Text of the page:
Update Report

Posted 23 March 2006
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Update Report No. 4: Lebanon

Update in Word Format • in PDF Format

On 21 March 2006, the Secretary-General submitted the report (S/2006/176) requested by the Security Council in December (S/RES/1644) on international assistance to Lebanon to try those responsible for the terrorist attack that killed former Lebanese Prime Minister Rafik Hariri on 14 February 2005.

Nicolas Michel, Under-Secretary-General for Legal Affairs held consultations with the Lebanese authorities and members of the Lebanese judicial system in Lebanon and then in New York. The report, based on the outcome of the consultations, recommended that:

  • The tribunal should be mixed (Lebanese and international);
  • The founding instrument should be an agreement between Lebanon and the UN;
  • The tribunal should have personal jurisdiction over all those responsible for the attack;
  • The applicable criminal law should be Lebanese;
  • The tribunal should be located outside Lebanon;
  • The composition of the tribunal should be significantly international;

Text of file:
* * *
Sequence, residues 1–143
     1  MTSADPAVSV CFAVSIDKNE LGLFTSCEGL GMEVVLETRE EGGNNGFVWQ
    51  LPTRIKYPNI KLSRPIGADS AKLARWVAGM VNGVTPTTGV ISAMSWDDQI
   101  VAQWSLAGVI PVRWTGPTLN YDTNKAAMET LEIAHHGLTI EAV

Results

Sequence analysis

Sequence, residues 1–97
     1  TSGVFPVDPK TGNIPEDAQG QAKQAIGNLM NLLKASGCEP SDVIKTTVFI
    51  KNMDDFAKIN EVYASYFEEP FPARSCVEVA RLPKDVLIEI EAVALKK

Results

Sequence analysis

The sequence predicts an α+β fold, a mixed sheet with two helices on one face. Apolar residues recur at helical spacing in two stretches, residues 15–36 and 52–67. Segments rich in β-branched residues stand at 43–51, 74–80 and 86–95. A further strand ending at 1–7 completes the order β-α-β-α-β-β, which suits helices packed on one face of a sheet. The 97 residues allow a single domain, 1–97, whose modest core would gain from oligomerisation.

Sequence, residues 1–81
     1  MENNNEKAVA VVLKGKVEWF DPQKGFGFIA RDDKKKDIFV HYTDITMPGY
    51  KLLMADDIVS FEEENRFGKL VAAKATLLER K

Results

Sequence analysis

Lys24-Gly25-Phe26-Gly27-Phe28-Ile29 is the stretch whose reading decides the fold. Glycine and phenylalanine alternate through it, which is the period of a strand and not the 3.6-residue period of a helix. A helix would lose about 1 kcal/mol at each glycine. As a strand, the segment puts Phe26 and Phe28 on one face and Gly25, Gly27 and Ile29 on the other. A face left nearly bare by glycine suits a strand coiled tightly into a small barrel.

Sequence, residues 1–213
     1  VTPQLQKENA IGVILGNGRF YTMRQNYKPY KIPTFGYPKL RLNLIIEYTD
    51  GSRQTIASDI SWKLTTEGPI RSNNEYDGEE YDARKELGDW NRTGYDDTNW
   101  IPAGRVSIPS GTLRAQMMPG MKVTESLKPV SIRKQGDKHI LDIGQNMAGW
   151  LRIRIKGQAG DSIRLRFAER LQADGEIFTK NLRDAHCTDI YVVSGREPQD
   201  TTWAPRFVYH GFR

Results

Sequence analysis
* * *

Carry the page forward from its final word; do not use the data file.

• The source of financing should be a mix between Lebanese and UN funding and;
  • The beginning of its operations should depend on the progress of the investigation.

A draft resolution is being prepared, which seems to have wide support, requesting the Secretary-General to negotiate an agreement with the Lebanese government on the creation of the tribunal, taking into account the recommendations made in the report.

The request to establish a tribunal of international character came from Lebanon, and as a result the current recommendations are not likely to be controversial amongst the elected members. Various permanent members have been very skeptical about creating new judicial bodies of an international character, and until recently dismissed the notion of a special tribunal for Lebanon. That position seems to have relaxed in recent weeks. The draft is expected to be adopted on Friday or perhaps next week.

This development seems to signal a growing comfort level within the Council on issues arising from Hariri’s assassination.

It is expected that the Secretary-General will come back to the Security Council once the agreement with Lebanon is finalised. The Council will then consider establishing the tribunal. It seems that the Council is content to leave the bulk of the negotiation to the Secretariat and the Lebanese authorities. However, Council members do remain interested in a number of crucial points such as the jurisdiction (whether the tribunal will also be responsible for the trial of perpetrators of other assassination attempts), the location, the applicable law (Lebanese criminal law includes death penalty and foreign states could be reluctant to extradite their nationals) and the financing.